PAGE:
nothrow by default

Johannes Pfau nospam at
Sun Jan 5 10:32:23 UTC 2020

Am Sat, 04 Jan 2020 13:38:53 -0800 schrieb Walter Bright:

> The short rationale is that exceptions being a "pay only if you use
> them" is a complete fraud. They're expensive to support, meaning
> performance programs use other ways of signalling errors and use
> nothrow.

I totally agree to that (memory overhead, TypeInfo, support code). In 
addition, this overhead means that exceptions are unlikely to be supported 
in embedded systems, which will lead to a language ecosystem split (this 
effectively happened to C++).

But I'm not sure if that's a good rationale for nothrow by default. We 
already tell users to use exceptions only for "exceptional cases" and use 
other error handling mechanism for common error paths. With this change, 
we'd force users even stronger to use other error handling methods. But 
those don't have language support and we're back to C times, where users 
forget to check error codes, ...

Herb Sutter came to the same conclusion recently and proposed an 
alternative exception implementation for C++. If you didn't see this 
already Walter, it well worth to have a look:

I'll summarize the idea here, as far as I remember and adapted to D 
terminology / context:

Rationale: There are two common ways to handle errors: Backtrace/
exception based and error code based. Both have drawbacks (exceptions: 
performance, memory / implementation overhead, not supported in embedded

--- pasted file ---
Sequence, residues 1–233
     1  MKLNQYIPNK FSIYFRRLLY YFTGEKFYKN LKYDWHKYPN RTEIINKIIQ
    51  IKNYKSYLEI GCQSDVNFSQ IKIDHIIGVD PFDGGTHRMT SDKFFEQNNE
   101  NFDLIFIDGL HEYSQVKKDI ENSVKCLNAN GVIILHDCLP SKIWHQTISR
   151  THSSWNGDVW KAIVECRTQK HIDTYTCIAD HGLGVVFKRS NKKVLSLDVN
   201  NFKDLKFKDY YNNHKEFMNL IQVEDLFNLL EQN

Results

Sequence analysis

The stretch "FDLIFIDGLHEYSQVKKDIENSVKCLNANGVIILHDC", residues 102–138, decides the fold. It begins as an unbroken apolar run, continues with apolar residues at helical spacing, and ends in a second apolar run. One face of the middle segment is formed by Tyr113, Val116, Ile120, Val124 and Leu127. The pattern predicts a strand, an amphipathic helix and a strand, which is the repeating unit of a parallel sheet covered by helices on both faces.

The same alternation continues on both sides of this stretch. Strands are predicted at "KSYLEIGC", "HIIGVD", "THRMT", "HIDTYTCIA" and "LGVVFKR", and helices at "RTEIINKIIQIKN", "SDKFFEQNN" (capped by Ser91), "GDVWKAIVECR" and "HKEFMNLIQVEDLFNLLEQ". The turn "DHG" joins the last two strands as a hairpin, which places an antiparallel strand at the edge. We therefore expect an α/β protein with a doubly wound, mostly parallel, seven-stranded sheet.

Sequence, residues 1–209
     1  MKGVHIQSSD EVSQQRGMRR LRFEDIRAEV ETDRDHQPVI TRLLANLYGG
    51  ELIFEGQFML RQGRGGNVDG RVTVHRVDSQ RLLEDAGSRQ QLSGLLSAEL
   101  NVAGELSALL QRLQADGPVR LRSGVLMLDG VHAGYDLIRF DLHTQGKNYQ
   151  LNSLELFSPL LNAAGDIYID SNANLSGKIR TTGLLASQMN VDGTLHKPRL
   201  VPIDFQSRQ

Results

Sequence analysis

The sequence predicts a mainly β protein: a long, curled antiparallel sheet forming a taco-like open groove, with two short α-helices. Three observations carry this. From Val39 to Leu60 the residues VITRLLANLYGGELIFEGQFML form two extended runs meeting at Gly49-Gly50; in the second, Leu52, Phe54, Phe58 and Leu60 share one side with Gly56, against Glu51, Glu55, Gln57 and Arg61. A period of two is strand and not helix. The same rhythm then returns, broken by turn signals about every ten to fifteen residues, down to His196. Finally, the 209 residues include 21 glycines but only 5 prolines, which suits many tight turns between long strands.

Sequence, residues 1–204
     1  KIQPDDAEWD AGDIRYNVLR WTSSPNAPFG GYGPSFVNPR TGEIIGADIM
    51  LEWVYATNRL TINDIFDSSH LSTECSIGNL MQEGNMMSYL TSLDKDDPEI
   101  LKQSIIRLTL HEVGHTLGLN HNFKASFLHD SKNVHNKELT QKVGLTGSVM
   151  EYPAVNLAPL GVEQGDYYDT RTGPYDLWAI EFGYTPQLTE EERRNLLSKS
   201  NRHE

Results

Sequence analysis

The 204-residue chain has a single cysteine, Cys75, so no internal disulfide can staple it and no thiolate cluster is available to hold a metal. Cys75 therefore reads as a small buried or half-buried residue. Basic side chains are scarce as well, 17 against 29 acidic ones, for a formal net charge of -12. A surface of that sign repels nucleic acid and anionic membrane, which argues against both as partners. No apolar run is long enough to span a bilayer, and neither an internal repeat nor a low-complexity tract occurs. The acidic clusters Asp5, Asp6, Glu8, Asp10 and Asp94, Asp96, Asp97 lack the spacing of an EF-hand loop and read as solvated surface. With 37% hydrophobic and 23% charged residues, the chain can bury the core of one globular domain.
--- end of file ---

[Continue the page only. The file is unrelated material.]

systems) (error codes: not "bubbling up" the call stack automatically, no 
way to force user to check, so might accidentially ignore errors).

1) Implement exceptions like return codes: Each function which can throw
   returns a union ValueOrError{T result; Error err}. The discriminator
   bit is stored as a CPU flag register which is not  used across
   function calls (e.g. the OVERFLOW status bit). Error is a two-word 
   error code: Error {size_t code; size_t context}. This explains the
   ABI, for now nothing of this is user-visible.

   Whenever a call to a function which might throw occurs and there's a 
   try-catch handler, insert this code after the call:
   if (OVERFLOW == 1)
       goto catch_handler;
   If there's no catch handler installed and a function might throw:
   if (OVERFLOW == 1)
   The return value is already in the return registers. Therefore
   propagating error codes upwards is cheap.

   The benefits now are simple: Implementation code / memory overhead is
   almost zero, no TypeInfo required, trivial to implement on embedded 
   systems, .... At the same time, exceptions bubble up properly so they
   can't be accidentially unhandled. The runtime overhead in the success 
   case is obviously higher than for some exception systems, but it's
   only a simple conditional jump. It is cheaper than manual error codes,
   as we reuse the same registers for return value and error code, 
   benefitting register allocation. Error propagation also uses the same 
   registers in all functions and is therefore very efficient.

   For D / legacy exception support, you just store  
   code=LEGACY_EXCEPTION, context=Exception pointer. To allocate the 
   error codes in a distributed way and to check 
   for different error types, we can simply store dummy values in the 
   data segment to get unique addresses: